Serotonin regulates prostate growth through androgen receptor modulation

#1

Recently I reviewed @Rb26dett’s case after he shared his experience. Considering a demonstrable property of antiandrogenic action amongst substances causing members to experience PFS, I had a look for evidence that 5-HT is capable of a notable downregulatory effect on the AR.

The following 2017 study explored this in detail, with strong evidence both in vitro and in vivo:

https://www.nature.com/articles/s41598-017-15832-5

Serotonin regulates prostate growth through androgen receptor modulation

Abstract:

Aging and testosterone almost inexorably cause benign prostatic hyperplasia (BPH) in Human males. However, etiology of BPH is largely unknown. Serotonin (5-HT) is produced by neuroendocrine prostatic cells and presents in high concentration in normal prostatic transition zone, but its function in prostate physiology is unknown. Previous evidence demonstrated that neuroendocrine cells and 5-HT are decreased in BPH compared to normal prostate. Here, we show that 5-HT is a strong negative regulator of prostate growth. In vitro , 5-HT inhibits rat prostate branching through down-regulation of androgen receptor (AR). This 5-HT’s inhibitory mechanism is also present in human cells of normal prostate and BPH, namely in cell lines expressing AR when treated with testosterone. In both models, 5-HT’s inhibitory mechanism was replicated by specific agonists of 5-Htr1a and 5-Htr1b . Since peripheral 5-HT production is specifically regulated by tryptophan hydroxylase 1(Tph1), we showed that Tph1 knockout mice present higher prostate mass and up-regulation of AR when compared to wild-type, whereas 5-HT treatment restored the prostate weight and AR levels. As 5-HT is decreased in BPH, we present here evidence that links 5-HT depletion to BPH etiology through modulation of AR. Serotoninergic prostate pathway should be explored as a new therapeutic target for BPH.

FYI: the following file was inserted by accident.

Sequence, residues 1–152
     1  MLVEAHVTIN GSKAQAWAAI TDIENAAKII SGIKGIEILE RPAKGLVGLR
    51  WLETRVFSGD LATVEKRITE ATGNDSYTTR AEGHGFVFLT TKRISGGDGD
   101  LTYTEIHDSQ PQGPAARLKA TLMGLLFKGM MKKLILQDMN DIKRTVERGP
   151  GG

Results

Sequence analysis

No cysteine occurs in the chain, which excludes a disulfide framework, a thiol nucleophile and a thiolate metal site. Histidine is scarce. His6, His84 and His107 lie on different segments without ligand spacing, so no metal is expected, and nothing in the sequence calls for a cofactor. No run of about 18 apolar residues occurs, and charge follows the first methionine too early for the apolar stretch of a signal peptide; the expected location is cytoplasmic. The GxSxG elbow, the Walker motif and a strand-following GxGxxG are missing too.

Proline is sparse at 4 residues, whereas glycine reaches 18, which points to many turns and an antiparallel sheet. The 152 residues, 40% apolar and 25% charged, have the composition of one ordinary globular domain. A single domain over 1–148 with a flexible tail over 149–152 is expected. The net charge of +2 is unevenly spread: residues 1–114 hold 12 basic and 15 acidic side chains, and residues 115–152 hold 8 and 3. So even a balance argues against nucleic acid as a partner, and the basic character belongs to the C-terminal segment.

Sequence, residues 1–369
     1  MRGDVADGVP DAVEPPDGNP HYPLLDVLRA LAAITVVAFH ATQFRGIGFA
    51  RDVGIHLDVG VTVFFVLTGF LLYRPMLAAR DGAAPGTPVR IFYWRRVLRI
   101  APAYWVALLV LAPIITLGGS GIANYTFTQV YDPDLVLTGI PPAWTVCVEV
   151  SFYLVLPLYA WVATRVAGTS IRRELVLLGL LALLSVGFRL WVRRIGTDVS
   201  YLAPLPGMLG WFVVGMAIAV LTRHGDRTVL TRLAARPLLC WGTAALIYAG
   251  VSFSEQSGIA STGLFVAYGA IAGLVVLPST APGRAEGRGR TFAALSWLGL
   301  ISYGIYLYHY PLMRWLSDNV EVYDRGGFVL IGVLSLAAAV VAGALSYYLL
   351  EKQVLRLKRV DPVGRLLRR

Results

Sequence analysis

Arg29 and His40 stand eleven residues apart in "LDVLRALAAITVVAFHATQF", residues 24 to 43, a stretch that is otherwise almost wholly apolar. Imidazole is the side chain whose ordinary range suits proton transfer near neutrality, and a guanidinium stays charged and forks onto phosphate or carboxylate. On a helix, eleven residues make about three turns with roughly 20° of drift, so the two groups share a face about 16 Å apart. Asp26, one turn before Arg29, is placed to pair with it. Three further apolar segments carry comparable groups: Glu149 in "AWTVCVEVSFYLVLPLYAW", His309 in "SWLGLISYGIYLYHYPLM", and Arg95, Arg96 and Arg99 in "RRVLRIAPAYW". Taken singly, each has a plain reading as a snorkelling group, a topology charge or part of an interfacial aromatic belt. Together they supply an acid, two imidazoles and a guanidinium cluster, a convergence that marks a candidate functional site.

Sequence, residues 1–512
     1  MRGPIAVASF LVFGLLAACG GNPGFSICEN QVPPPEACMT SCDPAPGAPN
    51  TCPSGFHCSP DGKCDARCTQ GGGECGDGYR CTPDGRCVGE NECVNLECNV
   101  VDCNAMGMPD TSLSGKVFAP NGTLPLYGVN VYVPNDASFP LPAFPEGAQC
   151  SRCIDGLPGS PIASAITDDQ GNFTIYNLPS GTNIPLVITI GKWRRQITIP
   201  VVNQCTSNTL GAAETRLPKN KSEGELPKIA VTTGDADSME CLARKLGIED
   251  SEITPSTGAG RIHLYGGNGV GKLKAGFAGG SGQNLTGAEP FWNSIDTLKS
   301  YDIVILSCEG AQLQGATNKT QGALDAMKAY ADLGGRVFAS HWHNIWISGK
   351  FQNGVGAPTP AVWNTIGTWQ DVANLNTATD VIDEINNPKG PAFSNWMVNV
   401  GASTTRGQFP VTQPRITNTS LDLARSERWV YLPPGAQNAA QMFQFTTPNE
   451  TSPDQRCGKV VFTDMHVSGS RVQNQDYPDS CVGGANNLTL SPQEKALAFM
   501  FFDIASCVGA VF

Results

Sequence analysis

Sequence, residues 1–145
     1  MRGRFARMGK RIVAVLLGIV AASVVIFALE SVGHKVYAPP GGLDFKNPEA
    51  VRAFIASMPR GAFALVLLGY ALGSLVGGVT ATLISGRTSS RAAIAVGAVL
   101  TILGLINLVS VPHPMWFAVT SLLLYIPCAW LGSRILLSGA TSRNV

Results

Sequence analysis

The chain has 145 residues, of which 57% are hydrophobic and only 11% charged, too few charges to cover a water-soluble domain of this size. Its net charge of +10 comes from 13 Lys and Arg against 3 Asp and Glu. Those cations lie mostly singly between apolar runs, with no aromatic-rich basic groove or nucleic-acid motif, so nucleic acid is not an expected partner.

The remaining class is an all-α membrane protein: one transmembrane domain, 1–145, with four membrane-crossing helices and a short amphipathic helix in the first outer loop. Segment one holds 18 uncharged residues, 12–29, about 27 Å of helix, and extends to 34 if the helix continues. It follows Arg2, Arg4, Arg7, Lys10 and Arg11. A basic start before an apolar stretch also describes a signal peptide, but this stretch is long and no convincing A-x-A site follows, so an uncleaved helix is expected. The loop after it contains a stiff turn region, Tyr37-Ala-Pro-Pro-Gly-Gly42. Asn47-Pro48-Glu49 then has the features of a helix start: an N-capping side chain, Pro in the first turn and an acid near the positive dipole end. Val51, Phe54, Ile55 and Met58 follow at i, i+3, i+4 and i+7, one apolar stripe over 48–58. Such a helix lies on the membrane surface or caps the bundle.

Key extracts from my notes:

Several reports have documented an up-regulation of the androgen receptor (AR) in BPH tissue, unveiling a potential role for AR in BPH etiopathogenesis.

We hypothesized that 5-HT had an inhibitory function over benign prostate growth and that suppression of prostatic 5-HT production could be responsible for benign prostatic growth. The aim of this study was to define the role of 5-HT in the regulation of benign prostatic growth and to test the pharmacologic modulation of the prostatic serotoninergic system as a new pharmacological target for BPH.